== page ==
The artwork of a barefoot boy using a sewing machine to stitch union flag bunting, apparently in a sweatshop, appeared on the outside wall of a Poundland shop in Wood Green in May. It was widely interpreted as condemning child labour and mocking the impending Queen’s diamond jubilee celebrations.
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February 18, 2013

Greek school students protest at the British Museum for return of Parthenon Marbles

Posted at 3:17 pm in British Museum, Elgin Marbles

Students from the 2nd High School of Corinth have protested at the British Museum for the return of the Elgin Marbles. It appears from the article, as though there was some sort of trouble with the museum staff when they were there. From past experience, the British Museum is happy with protests if they are pre-arranged, but doesn’t like ones that just turn up unexpectedly. The Marbles Reunited campaign has in the past helped to organise protests with Greek schools – dealing with the museum on their behalf to get the correct authorisation & avoiding possible problems with the museum’s security staff.

From:
Greek Reporter

Students Wave Greek Flag at British Museum
By Christina Flora on February 15, 2013 in news, United Kingdom

Fifteen-year-old students of the 2nd High School of Corinth accompanied by three teachers traveled to London and gave their own message of the Parthenon Marbles waving four Greek flags and shouting the slogan: BRING THEM BACK!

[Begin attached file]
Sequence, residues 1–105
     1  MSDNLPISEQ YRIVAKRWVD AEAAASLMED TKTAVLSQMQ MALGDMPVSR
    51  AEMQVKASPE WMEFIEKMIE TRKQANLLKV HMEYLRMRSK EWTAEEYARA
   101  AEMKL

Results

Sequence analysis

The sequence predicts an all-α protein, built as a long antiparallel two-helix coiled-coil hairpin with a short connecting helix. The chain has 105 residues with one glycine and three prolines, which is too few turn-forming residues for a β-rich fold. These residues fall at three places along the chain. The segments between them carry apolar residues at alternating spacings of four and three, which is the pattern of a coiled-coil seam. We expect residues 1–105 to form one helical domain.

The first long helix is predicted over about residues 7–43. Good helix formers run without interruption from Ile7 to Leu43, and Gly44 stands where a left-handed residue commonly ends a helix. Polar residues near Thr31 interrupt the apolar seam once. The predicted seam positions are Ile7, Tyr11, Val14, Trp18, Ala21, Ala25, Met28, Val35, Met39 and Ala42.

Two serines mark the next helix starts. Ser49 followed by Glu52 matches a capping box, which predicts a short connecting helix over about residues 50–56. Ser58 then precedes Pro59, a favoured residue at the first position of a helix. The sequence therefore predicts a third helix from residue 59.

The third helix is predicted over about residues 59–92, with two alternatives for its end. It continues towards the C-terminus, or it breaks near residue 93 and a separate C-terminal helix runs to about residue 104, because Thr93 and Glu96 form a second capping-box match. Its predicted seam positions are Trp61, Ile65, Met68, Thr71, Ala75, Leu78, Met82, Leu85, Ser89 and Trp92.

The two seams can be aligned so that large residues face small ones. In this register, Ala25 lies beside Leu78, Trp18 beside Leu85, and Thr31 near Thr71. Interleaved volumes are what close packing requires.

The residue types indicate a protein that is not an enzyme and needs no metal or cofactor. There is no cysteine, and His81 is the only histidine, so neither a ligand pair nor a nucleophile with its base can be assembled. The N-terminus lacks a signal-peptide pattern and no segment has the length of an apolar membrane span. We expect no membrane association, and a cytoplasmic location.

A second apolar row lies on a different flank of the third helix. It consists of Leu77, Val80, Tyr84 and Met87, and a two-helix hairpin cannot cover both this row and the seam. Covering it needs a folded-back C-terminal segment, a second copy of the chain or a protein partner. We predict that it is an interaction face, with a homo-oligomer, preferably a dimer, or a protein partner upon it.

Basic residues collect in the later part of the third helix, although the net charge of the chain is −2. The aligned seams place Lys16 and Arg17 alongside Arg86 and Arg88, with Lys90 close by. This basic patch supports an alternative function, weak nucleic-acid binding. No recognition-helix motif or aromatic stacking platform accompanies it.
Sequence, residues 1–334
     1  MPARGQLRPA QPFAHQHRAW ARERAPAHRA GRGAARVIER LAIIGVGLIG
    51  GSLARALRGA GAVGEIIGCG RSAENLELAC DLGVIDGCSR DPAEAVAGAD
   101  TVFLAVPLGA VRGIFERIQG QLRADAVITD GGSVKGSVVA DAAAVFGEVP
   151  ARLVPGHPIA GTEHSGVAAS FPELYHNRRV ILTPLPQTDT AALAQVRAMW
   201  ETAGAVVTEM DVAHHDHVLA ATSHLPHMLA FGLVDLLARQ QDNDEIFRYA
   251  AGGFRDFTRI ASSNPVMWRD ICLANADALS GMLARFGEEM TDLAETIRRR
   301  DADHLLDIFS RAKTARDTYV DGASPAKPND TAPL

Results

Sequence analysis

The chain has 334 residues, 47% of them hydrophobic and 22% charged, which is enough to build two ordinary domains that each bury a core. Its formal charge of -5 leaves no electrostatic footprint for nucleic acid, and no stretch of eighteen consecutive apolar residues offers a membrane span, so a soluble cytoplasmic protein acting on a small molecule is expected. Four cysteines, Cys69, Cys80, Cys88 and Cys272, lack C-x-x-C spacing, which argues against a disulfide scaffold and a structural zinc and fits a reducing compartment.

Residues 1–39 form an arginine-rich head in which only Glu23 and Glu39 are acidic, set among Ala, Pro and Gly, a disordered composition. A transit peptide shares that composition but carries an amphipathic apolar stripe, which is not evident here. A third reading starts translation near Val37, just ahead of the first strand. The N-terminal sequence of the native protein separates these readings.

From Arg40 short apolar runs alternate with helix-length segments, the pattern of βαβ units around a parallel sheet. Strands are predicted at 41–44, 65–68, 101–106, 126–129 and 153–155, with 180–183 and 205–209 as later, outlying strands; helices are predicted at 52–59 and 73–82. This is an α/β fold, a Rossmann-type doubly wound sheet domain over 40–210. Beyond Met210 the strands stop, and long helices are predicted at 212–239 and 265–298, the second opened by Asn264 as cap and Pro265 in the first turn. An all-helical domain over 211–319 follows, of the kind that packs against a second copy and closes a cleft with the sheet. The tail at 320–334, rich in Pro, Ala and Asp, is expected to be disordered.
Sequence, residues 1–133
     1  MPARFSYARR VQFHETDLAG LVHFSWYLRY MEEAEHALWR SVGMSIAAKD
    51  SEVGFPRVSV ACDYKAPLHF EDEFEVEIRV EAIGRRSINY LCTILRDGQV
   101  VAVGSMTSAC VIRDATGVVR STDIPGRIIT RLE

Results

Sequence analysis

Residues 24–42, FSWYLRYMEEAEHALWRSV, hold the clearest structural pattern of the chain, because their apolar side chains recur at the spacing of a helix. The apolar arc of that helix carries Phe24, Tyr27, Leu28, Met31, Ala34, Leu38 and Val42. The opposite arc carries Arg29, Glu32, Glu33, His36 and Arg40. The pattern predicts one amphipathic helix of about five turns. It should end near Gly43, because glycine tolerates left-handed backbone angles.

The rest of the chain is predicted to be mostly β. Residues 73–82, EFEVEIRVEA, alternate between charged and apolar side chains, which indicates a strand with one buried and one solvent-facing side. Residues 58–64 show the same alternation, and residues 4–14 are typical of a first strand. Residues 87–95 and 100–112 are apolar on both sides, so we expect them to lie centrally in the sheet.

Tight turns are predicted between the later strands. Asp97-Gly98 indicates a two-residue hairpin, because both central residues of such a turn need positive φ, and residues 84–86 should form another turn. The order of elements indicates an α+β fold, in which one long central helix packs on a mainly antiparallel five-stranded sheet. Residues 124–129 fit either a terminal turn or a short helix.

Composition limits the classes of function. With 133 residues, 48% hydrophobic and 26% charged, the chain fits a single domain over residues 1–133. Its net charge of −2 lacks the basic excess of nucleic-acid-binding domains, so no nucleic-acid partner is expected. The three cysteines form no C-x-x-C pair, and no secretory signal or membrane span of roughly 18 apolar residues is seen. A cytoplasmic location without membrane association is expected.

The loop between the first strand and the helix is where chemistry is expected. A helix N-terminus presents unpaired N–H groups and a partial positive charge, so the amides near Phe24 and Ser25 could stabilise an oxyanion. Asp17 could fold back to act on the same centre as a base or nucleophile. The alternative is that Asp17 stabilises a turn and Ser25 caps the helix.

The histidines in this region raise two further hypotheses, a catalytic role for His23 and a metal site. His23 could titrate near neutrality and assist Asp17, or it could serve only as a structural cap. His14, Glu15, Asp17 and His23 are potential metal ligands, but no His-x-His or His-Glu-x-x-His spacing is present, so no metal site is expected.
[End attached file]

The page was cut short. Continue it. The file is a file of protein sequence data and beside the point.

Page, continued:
The students delivered 36 letters written in English to the director of the museum in which they explained the factual reasons why the British Museum should return the marbles stolen by Lord Elgin to Greece.
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Stealing a work of art – that some claim was vandalism in the first place

Posted at 2:14 pm in Similar cases

This story is interesting on a number of levels. Coming from Bristol, I saw Banksy’s work long before he was famous outside his home city & before his work became seen as art rather than vandalism. It was interesting to note the change of heart of the local newspapers, who switched their point of view within the space of a year, from stop this vandal ruining our city, to young Bristol artist achieves international recognition… Anyway, the case in this story is a peculiar one – the art appears without permission – an nobody gets paid for it initially, but if it is good enough, then it adds some sort of value to the wall that was picked as its location. At the end of the day, the artist expects many of their works to be erased by those who do not appreciate them, so the only person who really loses out is the owner of the wall it was on (and the other people who passed by the wall & appreciated it).